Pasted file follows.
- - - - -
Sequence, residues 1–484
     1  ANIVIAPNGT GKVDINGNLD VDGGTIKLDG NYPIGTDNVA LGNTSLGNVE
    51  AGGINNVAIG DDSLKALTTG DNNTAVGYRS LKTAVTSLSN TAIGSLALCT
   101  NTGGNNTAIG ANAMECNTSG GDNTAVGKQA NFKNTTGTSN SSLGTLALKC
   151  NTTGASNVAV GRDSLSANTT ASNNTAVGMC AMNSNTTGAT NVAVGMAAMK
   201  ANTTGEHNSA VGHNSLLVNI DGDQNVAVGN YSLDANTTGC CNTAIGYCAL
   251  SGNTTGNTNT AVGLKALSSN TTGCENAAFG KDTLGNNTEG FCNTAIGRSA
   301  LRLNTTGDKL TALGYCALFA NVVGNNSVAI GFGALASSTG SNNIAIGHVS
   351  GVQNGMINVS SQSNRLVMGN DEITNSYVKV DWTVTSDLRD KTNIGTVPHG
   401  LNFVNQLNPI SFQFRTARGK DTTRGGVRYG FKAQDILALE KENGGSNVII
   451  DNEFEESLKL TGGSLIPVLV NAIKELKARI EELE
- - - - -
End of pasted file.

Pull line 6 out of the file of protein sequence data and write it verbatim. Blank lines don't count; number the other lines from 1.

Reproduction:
   201  ANTTGEHNSA VGHNSLLVNI DGDQNVAVGN YSLDANTTGC CNTAIGYCAL